Say hello to the world’s smallest known antelope, the royal antelope. Swedish zoologist Carl Linnaeus first described these tiny critters in 1758. With hind legs that are twice as long as their forelegs, these diminutive creatures have been called “king of the hares” by the local tribal people. And, in a twist of evolution, the females are larger than males. Fortunately they are listed as Least Concern by the IUCN.
First the Stats…
Scientific name: Neotragus pygmaeus
Weight: Up to 5 lbs.
Length: Up to 20 inches
Height: Up to 12 inches
Lifespan: Up to 6.8 years
Now on to the Facts!
1.) Royal antelopes can be found from the Kounounkan Massif in southwestern Guinea through Sierra Leone, Côte d’Ivoire, Liberia, to the Volta River, in Ghana.
2.) They prefer forest fringes, lowland forests, and secondary forests with an abundance of dense and fresh plant growth.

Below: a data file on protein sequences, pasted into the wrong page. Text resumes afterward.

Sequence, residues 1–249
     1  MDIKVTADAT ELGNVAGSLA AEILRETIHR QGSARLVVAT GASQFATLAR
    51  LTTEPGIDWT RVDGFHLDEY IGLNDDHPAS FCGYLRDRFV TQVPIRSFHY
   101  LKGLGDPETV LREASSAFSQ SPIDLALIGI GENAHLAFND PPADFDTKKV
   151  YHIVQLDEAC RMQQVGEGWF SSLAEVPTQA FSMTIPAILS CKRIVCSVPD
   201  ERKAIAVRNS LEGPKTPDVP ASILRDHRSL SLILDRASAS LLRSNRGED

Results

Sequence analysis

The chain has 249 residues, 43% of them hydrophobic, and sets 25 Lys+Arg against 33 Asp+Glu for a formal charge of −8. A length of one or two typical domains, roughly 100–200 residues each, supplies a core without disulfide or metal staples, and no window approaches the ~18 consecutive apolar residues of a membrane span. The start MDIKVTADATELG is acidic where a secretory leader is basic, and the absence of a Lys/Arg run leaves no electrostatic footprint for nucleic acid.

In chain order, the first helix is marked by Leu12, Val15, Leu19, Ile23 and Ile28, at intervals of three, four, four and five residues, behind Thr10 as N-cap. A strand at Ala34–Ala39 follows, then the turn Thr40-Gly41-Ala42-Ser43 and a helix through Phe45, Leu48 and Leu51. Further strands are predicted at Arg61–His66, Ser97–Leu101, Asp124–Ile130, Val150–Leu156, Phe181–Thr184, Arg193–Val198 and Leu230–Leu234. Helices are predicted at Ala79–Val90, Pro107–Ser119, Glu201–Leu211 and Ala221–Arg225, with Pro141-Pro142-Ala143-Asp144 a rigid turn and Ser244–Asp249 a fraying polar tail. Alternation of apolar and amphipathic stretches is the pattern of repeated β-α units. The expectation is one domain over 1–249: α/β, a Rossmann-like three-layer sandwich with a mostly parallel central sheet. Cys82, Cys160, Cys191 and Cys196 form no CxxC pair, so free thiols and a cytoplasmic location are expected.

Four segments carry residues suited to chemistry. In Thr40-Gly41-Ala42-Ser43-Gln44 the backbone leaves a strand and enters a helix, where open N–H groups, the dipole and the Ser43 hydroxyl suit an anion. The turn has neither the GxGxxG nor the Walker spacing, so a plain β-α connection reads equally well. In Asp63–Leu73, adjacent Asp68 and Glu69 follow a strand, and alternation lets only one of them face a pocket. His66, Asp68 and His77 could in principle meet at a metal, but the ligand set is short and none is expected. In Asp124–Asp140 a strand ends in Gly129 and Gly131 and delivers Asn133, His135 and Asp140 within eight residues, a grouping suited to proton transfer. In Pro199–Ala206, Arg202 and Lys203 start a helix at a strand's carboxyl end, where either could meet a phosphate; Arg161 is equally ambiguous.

3.) These antelopes are nocturnal (active at night).
4.) Being solitary and shy, they tend to live alone or in pairs.
5.) Antelopes are Herbivores (eat plant matter) and these little critters are no exception. They consume grass, buds, leaves, weeds, shoots, flowers, fruit, and fungi.
But wait, there’s more on the royal antelope!
6.) The royal antelope is monogamous (mates for life).
7.) Females birth a single calf that weighs up to a mere 10 ounces.
Did you know…?
Their strong hind legs allow them the ability to jump up to 9.2 feet forward, in a single jump, with an average height of up to 22 inches off the ground.
8.) Only the males have horns.
9.) Calves are weened at 2 months of age and are sexually mature by 6 months.
10.) There are an estimated 62,000 specimens in the wild, to date, but their numbers are decreasing due to habitat destruction, hunting, and climate change.
Now a Short Royal Antelope Video!
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